My latest novel is based on premise of that relationship. After 20 years, I figured there's enough distance for me to have some objectivity while writing it. Also, I never got the chance to say goodbye to his sister, and the novel gave me the chance to bury her and finally have some closure.
This is amazing. Thank you so much for sharing and I can't wait to see this experience reflect in your books.ReplyDelete
Thanks for sharing. Been there too.ReplyDelete
I was just involved in a discussion about themes and how the same ones can appear in our writing over and over again. One woman said she'd been writing books with the same theme for 30 years - "You don't have to be afraid". Which, to be fair, is an AWESOME theme.ReplyDelete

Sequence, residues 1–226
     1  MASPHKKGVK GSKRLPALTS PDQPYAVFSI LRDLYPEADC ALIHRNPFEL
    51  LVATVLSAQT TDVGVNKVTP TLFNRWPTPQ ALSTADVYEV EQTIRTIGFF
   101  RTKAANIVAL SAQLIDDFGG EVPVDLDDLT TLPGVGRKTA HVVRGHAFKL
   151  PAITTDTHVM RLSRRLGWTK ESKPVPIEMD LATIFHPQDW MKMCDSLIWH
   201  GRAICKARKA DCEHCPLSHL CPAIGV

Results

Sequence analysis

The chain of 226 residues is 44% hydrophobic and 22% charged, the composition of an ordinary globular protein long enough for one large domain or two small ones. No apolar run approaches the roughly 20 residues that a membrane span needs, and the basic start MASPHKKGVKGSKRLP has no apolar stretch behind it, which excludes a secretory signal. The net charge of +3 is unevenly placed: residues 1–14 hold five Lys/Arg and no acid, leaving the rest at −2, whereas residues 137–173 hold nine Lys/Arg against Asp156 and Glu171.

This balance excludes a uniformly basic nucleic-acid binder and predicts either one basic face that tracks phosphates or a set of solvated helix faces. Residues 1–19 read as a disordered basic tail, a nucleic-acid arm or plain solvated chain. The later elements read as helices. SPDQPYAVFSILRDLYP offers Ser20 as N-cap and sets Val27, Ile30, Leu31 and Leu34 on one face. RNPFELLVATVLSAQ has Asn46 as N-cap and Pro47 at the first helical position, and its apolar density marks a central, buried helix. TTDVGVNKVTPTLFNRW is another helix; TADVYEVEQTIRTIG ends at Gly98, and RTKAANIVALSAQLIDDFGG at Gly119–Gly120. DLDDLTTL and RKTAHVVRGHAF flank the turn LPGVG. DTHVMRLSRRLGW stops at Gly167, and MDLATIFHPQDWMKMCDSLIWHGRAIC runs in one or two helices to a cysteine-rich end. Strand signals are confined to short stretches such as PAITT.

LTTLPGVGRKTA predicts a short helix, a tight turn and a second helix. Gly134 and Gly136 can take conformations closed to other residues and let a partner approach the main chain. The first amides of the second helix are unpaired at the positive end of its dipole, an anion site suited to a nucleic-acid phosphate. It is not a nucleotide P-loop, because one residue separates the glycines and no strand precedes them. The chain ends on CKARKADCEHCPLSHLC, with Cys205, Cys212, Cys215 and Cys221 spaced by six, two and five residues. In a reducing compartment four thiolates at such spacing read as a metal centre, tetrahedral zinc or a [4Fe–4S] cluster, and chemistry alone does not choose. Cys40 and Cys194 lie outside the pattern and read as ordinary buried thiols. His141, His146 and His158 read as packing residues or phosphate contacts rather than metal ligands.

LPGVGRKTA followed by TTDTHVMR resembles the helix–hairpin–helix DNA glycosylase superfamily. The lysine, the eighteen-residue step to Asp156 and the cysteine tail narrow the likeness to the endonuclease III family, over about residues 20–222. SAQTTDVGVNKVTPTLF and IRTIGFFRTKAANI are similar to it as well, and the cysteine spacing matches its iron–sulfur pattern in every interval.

My themes always end up revolving around family. Even when i start out with something different, at the end it always seems to come back to that, to find people who love you no matter what.
It's fascinating how the themes we write about seemed to be evoked by our own early turning points.ReplyDelete
Wow, you write so vividly and powerfully about your teen experience. Just reading that, I really felt for your teen self, and also vividly recalled my own teen first loves and let-downs. <3ReplyDelete
Being able to tap into those emotions and experiences and express them meaningfully is a wonderful thing. <3
Wow. What a fricassee. Thank you so much for sharing.ReplyDelete
I had a best friend all through middle school. She was tall, skinny, and blonde, I wasn't any of the above.ReplyDelete